Metal Seagulls Ltd

Q: What motivated and inspired you to start your own business?

Having been in the aviation industry a long time, we noticed that the UK had few companies who provided a turnkey service to those wanting to build their own aircraft.  That coupled with our passion to share our knowledge and international recognition of our achievements lead us to the creation of the company.

Q: Tell us about your business:

Our support to the lighter end of the aviation industry is based on many years of building and operating aircraft in West Africa for humanitarian purposes. Whether a client is ‘wanting to discover if building their own aircraft is for them’, a ‘serial builder’ or an owner of a small aircraft operating under the LAA/BMAA permit to fly system, we have a full service to offer. We provide the Zenair range of aircraft kits and are representatives for Aircraft Spruce (the largest supplier of homebuilt aircraft parts worldwide).

Q: How did you go about setting up your business?

We decided to start the business 2 days after our daughter was born, and both quit our employment at that time.  It meant that we had more time with our daughter and could work from home – and together. It is not easy raising a child – nor is it easy starting a business – but doing the two together is a fantastic challenge!  We decided to use Trinity Accountants, as they offered a turnkey, monthly payment accounting and business support service.  Soon, we realised that in order to advance our business in the shortest time possible we would need more capital than we had already ploughed in.

Q: What has been your biggest challenge so far with running your own business?

Gaining market penetration and recognition.  There are about 80 new aircraft builds started each year in the UK.  The market is tight knit and the community based on a great deal of personal recommendation.  Although we were relatively well known for our work on Rotax engines, we needed to get the folks out there aware of our wider service offerings.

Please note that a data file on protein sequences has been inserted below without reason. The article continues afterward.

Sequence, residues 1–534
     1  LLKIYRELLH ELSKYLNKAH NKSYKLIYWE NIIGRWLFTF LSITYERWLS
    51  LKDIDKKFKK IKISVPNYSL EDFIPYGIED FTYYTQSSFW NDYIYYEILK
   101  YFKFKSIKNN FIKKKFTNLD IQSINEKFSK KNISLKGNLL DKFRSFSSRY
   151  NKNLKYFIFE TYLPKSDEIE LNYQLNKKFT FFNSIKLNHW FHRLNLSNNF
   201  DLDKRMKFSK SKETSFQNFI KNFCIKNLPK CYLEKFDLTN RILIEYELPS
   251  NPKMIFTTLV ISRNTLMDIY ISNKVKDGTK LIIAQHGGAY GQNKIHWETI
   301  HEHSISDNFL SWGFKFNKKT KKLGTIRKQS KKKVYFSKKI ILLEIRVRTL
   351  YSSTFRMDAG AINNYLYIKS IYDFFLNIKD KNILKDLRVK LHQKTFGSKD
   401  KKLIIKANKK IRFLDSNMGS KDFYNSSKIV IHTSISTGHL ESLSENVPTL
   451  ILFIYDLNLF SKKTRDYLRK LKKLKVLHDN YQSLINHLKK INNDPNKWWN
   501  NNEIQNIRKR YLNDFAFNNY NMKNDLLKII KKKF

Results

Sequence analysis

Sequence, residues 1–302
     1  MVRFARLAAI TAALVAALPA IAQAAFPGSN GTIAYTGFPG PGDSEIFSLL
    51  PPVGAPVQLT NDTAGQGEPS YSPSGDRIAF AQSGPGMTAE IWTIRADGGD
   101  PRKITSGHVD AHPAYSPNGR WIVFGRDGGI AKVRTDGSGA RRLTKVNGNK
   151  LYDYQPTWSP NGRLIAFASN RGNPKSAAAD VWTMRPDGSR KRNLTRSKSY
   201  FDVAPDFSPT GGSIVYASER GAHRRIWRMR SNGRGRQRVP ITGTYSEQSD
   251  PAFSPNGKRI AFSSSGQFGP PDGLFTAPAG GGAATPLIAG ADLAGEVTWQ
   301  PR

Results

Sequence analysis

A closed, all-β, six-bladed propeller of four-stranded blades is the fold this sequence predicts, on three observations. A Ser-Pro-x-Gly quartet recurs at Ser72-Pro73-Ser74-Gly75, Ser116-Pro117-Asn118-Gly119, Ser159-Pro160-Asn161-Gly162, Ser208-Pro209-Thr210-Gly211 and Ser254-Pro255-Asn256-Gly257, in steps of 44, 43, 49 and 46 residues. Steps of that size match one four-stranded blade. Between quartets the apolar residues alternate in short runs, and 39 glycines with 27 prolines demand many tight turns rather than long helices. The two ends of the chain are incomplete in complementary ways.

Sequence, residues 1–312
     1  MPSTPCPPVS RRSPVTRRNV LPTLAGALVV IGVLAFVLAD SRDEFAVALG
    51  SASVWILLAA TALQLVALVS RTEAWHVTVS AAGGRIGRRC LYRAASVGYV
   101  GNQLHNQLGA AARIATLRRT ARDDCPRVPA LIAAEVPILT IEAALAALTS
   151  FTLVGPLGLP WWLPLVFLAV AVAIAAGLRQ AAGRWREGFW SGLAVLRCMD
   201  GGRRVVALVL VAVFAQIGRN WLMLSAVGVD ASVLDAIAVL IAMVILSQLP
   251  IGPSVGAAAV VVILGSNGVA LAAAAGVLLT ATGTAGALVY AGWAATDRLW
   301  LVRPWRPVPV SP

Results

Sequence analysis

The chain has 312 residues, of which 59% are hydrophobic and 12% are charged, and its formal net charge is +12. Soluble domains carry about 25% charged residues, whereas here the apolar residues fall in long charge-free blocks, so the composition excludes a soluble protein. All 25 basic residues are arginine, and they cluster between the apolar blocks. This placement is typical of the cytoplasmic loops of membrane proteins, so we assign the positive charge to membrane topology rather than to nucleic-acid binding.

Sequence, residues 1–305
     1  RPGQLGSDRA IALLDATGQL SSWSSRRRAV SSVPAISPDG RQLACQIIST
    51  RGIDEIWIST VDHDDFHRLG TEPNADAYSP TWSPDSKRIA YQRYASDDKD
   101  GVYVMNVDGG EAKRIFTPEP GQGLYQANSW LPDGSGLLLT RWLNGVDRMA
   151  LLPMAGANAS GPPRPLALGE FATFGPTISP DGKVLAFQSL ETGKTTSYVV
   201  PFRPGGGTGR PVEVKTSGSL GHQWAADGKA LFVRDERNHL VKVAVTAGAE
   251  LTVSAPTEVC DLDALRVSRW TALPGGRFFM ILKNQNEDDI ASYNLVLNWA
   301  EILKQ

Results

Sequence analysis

Q: How did/have you overcome these challenges?

Good trade press relationships and creative ‘real estate’ opportunities in the magazines.  Advertising judiciously, being visible at events, using social media appropriately (not just on our own pages but by contributing to others too!) Getting out and about on the airfields and meeting people!

Q: What do you love about running your own business?

The flexibility – especially with a young child at home – and the ability to make rapid decisions, standing or falling by them!  (generally standing – but we all get ‘grazed knees’ sometimes!)

Q: Are there any top tips that you would like to share with others thinking about starting or growing their own business?

When you see somebody else with a business and you are yearning to have you own business, just remember when you have you own business you will no longer be yearning but yawning from the hard work and long hours! Having said that, working for yourself is rewarding and satisfying – it is a long hard slog that leads to personal satisfaction, and hopefully a bit more than just making a living!

Q: How much did you apply for and over what term?

£25k, 5 years

Q: Why did you access financial support through CWRT?

Practical, rapid and cost effective

Q: What support did you receive from CWRT? i.e. did you find the process simple? Were you helped to improve your business plan and financials? Anything else?

CWRT provided support from the very beginning of the process and have kept contact post loan too.

Q: How has the loan provided helped you?

It saved us 2 years in development work by providing cash flow needed in establishing prototype products ahead of the ‘organic’ growth of the company. This has already paid off in orders and will bring much more benefit in the coming years through a good foundation.

Q: Has the loan helped you to create any jobs?

Not YET, but certainly will in due course.

Q: Anything else that you would like to add to your case study?

We are currently looking at setting up a base on an airfield (or even starting a new airfield if we cannot find a suitable base).  That will open up the possibility of creating a builder support centre and aircraft servicing base.